Wellington - New Zealand coach Graham Henry has praised Craig Joubert's hard-line refereeing that resulted in three yellow cards and left Australia reeling with 14 men during their 49-28 loss to the All Blacks on Saturday.
Joubert sin-binned All Blacks prop Owen Franks and Wallabies wing Drew Mitchell for seemingly innocuous tackles in the first half, then red-carded Mitchell two minutes after the break for deliberately holding up play.
"I think it's good they're strict. Okay, there might be some debate about some of the decisions, there's always going to be some debate about the decisions," Henry told reporters on Sunday.
"What you don't want is referees being soft and therefore you get a game that doesn't flow and there's a lot of illegal stuff happening at the tackle.
"If he's grey at the tackle area or he's grey on people throwing the ball away when the other side wants it, you've got a shambles on your hands.
"So I think it's good that he's strict and he sticks to what he says he's going to do."
Henry said his team had played "exceptionally" well in the crushing win that delivered the All Blacks their eighth successive victory over their trans-Tasman rivals and propelled them 11 points clear of Australia on the Tri-Nations table.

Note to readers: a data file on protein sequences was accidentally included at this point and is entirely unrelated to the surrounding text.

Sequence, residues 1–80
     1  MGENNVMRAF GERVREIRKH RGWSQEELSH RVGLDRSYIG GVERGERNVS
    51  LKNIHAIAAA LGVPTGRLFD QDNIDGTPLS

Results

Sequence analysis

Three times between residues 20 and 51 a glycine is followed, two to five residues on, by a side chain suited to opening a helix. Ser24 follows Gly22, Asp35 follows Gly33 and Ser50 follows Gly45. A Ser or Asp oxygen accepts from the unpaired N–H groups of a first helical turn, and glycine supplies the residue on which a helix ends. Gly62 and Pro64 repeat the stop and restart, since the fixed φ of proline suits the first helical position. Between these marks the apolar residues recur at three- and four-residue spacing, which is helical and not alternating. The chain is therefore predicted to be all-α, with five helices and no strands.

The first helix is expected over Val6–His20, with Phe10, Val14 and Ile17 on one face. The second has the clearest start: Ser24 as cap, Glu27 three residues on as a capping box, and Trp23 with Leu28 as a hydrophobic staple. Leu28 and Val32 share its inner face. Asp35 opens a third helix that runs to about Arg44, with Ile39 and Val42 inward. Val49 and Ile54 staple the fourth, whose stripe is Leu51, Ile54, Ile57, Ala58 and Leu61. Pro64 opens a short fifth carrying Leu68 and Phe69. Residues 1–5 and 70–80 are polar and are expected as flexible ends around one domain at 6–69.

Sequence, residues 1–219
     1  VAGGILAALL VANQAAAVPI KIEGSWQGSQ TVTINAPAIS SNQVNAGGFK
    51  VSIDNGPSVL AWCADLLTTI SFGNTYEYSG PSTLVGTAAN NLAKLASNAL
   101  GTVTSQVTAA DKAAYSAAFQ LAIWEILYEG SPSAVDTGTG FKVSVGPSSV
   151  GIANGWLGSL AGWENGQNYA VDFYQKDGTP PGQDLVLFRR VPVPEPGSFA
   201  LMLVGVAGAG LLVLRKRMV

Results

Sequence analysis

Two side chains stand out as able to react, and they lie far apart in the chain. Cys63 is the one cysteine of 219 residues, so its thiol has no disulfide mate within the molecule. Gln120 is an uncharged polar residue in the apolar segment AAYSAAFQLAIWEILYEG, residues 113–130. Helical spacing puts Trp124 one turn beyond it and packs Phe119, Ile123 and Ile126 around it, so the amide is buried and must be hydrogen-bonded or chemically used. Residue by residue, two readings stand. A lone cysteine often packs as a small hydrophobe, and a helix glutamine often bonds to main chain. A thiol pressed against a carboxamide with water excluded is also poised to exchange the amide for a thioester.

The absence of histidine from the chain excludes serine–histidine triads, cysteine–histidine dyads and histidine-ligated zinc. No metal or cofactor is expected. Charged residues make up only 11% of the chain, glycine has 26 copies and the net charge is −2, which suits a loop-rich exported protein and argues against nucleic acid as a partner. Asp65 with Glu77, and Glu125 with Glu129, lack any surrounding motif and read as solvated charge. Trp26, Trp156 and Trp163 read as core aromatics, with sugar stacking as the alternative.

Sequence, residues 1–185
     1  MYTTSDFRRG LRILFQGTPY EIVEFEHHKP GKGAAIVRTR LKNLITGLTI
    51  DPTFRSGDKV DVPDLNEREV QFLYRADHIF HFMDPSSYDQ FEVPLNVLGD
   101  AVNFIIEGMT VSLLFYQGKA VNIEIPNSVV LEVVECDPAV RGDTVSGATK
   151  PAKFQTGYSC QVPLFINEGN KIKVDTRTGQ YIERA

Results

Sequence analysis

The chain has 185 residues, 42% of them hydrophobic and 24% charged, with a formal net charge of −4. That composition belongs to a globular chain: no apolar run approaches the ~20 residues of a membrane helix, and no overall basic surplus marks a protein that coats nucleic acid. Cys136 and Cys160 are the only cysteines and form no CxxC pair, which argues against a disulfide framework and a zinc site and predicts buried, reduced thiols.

"There were some dull patches and some mistakes and we'd like to eradicate those if possible but you have to be pleased with seven tries," said Henry, whose team notched a bonus point before halftime.
The All Blacks head to Christchurch this week for their next Tri-Nations match, against the Wallabies, with only one fitness concern clouding scrumhalf Jimmy Cowan, who came off the ground early with a rib cartilage injury.
"Apart from that I think we're pretty good," Henry said.
"I think it'd be a miracle if (Cowan) played next week. He'll probably be right for South Africa (on August 21)."
Cowan's injury could open the door for Blues scrumhalf Alby Mathewson to be recalled to the squad for the Christchurch match, where New Zealand could possibly seal their fifth Tri-Nations title in six years.